With the season well and truly over for the L.A. Lakers, the powers that be have been making decisions that - in their minds - benefit the organisation as they prepare for their first campaign without Kobe Bryant in over 20 years.
One of those calls has been to remove the Black Mamba's former teammate Byron Scott as head coach after two hugely unsuccessful seasons at the Staples Center.
The 55-year-old amassed a record of 38-126 during his two full campaigns in the City of Angels as the Lakers finished bottom of the Pacific Division and missed the playoffs on both occasions.
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His tenure goes down as the worst in Lakers history for a coach that has spent at least 24 months in the role, and with a new dawn arriving on the west coast, it was time for a change in leadership.
While his first season in charge was a horror show, the 2015-16 campaign proved to be nothing short of a disaster as the Lakers propped up the Western Conference with a better roster at Scott's disposal than the previous year.
Young, exciting talent such as D'Angelo Russell, Jordan Clarkson, and Julius Randle were supposed to compliment the experience and skill of Bryant. However, it never came to fruition as the purple and gold mustered just 17 wins.
There was talk that the organisation could persist with Scott for another season, but the signs have been there for some time that he was living a charmed life.
Throughout the campaign, the Lakers' defence was a shambles. While their points tally had been the lowest in the league, productivity facing their own basket was enough to give every fan nightmares.
They gave away the fourth most points per game out of any team in the league (106.9), while causing very few mistakes with disruptive play as they ended the year with the third lowest number of opponent's turnovers (1037).
They also ranked in the bottom ten for blocks (337), steals (593), rebounds (3523) and opponent field goal percentage (47.3%). Scott's team gave up more assists than any other franchise (2022) and were the fourth worst in opponent rebounds (3812).
Bad offence coupled with atrocious defence is a recipe for disaster in any sport. As we all know, the Lakers suffered a number of defeats, but some of them were more crushing than others.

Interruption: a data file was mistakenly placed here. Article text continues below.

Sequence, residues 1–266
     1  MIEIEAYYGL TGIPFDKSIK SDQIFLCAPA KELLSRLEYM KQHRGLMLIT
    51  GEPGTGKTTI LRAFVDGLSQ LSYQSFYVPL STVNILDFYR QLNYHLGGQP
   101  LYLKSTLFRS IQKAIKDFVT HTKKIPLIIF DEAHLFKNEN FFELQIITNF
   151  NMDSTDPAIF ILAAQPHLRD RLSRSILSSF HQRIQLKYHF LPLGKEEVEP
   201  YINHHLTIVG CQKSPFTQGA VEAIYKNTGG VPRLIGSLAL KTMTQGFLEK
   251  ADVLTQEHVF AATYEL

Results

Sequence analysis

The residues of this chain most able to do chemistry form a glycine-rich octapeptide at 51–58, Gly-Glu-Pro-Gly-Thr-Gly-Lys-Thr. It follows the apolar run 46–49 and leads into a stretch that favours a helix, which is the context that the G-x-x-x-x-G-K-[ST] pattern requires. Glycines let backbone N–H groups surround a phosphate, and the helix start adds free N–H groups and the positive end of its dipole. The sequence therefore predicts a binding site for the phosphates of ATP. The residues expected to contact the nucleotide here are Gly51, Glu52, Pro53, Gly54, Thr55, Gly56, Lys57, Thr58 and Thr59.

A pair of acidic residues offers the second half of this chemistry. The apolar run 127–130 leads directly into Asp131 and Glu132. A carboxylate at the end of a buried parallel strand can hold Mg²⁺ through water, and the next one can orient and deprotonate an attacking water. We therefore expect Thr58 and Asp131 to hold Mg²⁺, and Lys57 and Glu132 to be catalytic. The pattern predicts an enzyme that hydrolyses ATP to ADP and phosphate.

Before the days of Kevin Durant and Russell Westbrook, the Oklahoma City Thunder used to suffer some big losses to the Lakers - so did many franchises. How times have changed.
The Los Angeles-based organisation fell by an incredible 40 and 35 points in December and 33 in Bryant's last road game as the Thunder took the series 4-0.
The joint franchise-worst loss to the Jazz was the icing on an awful cake that was the 2015-16 season.
Losing became second nature for the purple and gold, but dropping ten consecutive games is hard for any organisation to take.
Starting with a loss to defending champions Golden State, they embarked on a ten-game losing streak where all but one game was a blowout.
Barring the two-point reverse to the Dallas Mavericks, the margin of defeat was in double-figures on ever occasion as the Lakers rolled over and died far too many times.
The number two pick. There was a lot of expectation on the shoulders of the young point guard.
There were times throughout the campaign where Scott questioned the maturity of the youngster and, on occasions, he may have been right.
However, in a campaign where the second most successful organisation in NBA history were looking for any flicker of life, Scott decided to bench Russell.
The 20-year-old is a player of immense talent. He showed that after the All-Star break when he was re-introduced to the starting five. But there was an extended period from December to February where he was on the bench.
With his minutes limited, his productivity fell and he was often benched for the clutch moments. Hardly the way for a lottery pick to gain experience.
The Lakers are a franchise without direction and all the blame cannot be pinned at the feet of their now former coach, however, he failed to establish any sense of purpose in his two years.
The franchise need a personality who can take the bull by the horns and lead them out of the doldrums. Unfortunately for Scott, he is not that man.